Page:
13 Mass. App. Ct. 982

March 11, 1982

The plaintiff (tenant) brought an action against her landlords in the Hampden County Housing Court seeking declaratory and injunctive relief and damages on the ground that the landlords had failed to furnish heat to her apartment. It was claimed that the defendants had violated those portions of G. L. c. 186, Section 14, as amended by St. 1974, c. 192, Section 1, which impose civil liability on a landlord "who willfully or intentionally fails to furnish . . . heat . . . or . . . who directly or indirectly interferes with the quiet enjoyment of any residential premises by the occupant . . . ." The landlords brought a cross action of summary process. G. L. c. 239, Section 1. Following a trial on the consolidated actions, the judge found and declared (a) that the landlords were not liable on the claims under G. L. c. 186, Section 14, because they lacked the ability to pay for heating oil; (b) that the tenant was entitled to a partial rent credit for the period when she lacked heat; (c) that the tenant's rent should be increased by $50 per month to reflect the fair rental value of the premises; and (d) that the landlord's obligation to provide fuel was to be limited to $100 per month of their own funds plus any rent paid by the tenant. The landlords' summary process action was dismissed because the notice to quit was not timely. The landlords did not appeal. The tenant has appealed. We reverse.

1. The tenant correctly argues that the judge erred in declaring that the landlords' financial inability to purchase oil constituted a defense to the quiet enjoyment claim. A landlord's failure to provide heat during the heating season (see State Sanitary Code, 105 Code Mass. Regs. Sections 410.201, 410.750 [B] [1980]) seriously "impair[s] the character and value of the leased premises" (Winchester v. O'Brien, 266 Mass. 33, 36 [1929], quoting from Brande v. Grace, 154 Mass. 210, 212 [1891]), and constitutes a breach of the covenant of quiet enjoyment. See generally Blackett v. Olanoff, 371 Mass. 714, 715-716 (1977), and cases cited. It is not necessary to recovery that the landlord intended to violate the covenant. Rather "the landlord's conduct, and not his intentions, is controlling."

Page 983

Blackett v. Olanoff, supra at 716. Thus, as suggested by the language of the statute itself (see Simon v. Solomon, 385 Mass. 91, 99-100 [1982]), liability will be imposed "whenever the `natural and probable consequence' of [the] landlord's action [is] interruption of the tenant's rights." Id. at 102, quoting from Westland Housing Corp. v. Scott, 312 Mass. 375, 381 (1942). Cf. Berman & Sons, Inc. v. Jefferson, 379 Mass. 196, 200-203 (1979). It is further established that "a tenant may bring an action for civil damages under G. L. c. 186, Section 14, without first pursuing [that statute's provisions for] criminal charges." Simon v. Solomon, supra at 100. On the facts found by the judge, the tenant was entitled on the quiet enjoyment claim to (a) a declaration that the landlords had violated G. L. c. 186, Section 14; (b) an injunction ordering that heat be provided in compliance with the State Sanitary Code without limitation on the amount to be spent by the landlords for fuel; and (c) an assessment of damages and counsel fees under Section 14. Our holding on the quiet enjoyment claim renders it unnecessary to consider the tenant's additional claim that the failure to provide heat was intentional. The tenant is limited to a single recovery for all the Section 14 claims raised in the action. See Simon v. Solomon, supra at 110-111.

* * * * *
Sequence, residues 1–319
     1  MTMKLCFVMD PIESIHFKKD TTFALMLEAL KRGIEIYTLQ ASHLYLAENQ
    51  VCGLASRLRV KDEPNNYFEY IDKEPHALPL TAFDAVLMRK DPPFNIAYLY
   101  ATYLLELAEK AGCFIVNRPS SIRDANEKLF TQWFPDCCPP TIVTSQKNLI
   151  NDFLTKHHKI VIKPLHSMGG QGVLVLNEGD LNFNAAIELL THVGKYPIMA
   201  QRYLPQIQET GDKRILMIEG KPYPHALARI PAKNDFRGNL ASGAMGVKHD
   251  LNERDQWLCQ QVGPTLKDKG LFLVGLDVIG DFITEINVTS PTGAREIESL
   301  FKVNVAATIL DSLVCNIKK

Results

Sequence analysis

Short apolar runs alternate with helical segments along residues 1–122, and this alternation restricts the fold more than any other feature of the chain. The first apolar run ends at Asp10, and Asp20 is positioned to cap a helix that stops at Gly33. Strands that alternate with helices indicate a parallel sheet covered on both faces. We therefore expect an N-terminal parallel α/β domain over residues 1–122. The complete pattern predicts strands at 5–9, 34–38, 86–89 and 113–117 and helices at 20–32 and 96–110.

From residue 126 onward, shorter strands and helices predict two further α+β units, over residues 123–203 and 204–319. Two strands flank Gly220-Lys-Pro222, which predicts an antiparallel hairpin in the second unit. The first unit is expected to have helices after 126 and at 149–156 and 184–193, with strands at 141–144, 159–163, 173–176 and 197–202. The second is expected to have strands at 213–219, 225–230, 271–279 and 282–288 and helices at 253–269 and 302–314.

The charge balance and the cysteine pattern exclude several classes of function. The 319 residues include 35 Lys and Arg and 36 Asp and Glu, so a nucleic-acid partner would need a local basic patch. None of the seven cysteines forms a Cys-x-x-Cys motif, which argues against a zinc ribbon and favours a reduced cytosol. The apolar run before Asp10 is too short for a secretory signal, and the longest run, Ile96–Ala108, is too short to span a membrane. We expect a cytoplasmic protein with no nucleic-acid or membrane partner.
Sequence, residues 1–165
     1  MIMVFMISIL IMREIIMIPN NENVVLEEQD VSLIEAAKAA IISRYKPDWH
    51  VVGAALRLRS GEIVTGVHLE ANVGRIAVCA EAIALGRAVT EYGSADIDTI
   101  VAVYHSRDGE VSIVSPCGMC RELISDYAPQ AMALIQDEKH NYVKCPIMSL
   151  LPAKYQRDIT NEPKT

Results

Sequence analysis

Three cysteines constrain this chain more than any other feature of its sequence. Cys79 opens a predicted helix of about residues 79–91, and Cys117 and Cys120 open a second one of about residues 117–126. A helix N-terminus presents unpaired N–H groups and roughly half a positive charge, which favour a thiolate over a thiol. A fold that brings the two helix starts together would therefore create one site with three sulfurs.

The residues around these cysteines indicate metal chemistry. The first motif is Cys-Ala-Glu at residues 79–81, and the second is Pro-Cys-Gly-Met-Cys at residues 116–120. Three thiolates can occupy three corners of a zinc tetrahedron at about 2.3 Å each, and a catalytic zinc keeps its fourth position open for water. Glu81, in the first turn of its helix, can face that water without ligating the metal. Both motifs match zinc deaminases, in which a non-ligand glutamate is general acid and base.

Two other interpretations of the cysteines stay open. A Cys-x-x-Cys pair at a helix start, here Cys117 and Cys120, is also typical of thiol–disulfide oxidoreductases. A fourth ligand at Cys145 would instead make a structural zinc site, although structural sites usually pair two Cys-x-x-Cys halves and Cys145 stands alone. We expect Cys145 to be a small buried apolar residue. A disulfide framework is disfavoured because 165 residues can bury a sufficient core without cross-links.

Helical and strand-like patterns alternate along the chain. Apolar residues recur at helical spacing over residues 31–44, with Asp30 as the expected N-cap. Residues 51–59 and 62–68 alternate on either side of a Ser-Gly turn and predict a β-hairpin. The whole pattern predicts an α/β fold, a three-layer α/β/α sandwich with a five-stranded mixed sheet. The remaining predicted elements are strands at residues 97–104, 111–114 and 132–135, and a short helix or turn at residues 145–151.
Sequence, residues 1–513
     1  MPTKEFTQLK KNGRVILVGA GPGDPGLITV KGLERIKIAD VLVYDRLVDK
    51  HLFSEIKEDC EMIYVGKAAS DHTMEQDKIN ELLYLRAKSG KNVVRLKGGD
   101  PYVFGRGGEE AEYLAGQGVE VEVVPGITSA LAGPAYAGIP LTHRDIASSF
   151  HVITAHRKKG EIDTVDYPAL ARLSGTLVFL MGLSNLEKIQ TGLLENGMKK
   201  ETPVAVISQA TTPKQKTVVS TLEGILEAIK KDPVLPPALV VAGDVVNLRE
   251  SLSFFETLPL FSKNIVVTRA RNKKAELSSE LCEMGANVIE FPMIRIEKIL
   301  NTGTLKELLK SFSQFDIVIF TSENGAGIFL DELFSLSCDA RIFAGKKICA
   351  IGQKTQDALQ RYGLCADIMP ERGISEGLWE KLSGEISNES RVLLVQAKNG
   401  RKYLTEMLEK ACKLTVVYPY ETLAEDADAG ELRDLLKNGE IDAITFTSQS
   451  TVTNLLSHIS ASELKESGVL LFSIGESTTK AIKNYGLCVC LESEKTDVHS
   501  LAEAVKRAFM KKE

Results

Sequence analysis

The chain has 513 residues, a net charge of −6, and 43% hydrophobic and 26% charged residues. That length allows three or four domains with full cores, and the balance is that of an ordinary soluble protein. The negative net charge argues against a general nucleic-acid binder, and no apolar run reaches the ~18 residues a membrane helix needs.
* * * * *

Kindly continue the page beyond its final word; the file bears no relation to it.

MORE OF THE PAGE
2. The judge appears to have found that the plaintiff was a tenant at will whose contract rent at the time the defendants acquired title to the building was $150 per month. The transfers conveying title to the defendants would not automatically have terminated her status as a tenant at will. See the last sentence of G. L. c. 186, Section 13. Since rent is an agreed term of the tenancy, it could not be changed without the mutual consent of the parties, although the landlord could exercise his rights to terminate the tenancy according to law. See Williams v. Seder, 306 Mass. 134, 136-137 (1940); Maguire v. Haddad, 325 Mass. 590, 593 (1950). No such consent, express or implied, was found. It was therefore error for the judge to increase the tenant's rent in order to provide the landlords with additional funds for the purchase of fuel oil.

The judgment is reversed and the case remanded to the Housing Court, where the tenant may move for an assessment of damages and an award of counsel fees on the quiet enjoyment claim under G. L. c. 186, Section 14. See Simon v. Solomon, supra at 107-113; Darmetko v. Boston Housing Authy., 378 Mass. 758, 763-765 (1979). Upon such assessment, a new judgment is to be entered, consistent with this opinion, declaring the rights of the parties and granting the plaintiff appropriate relief.

So ordered.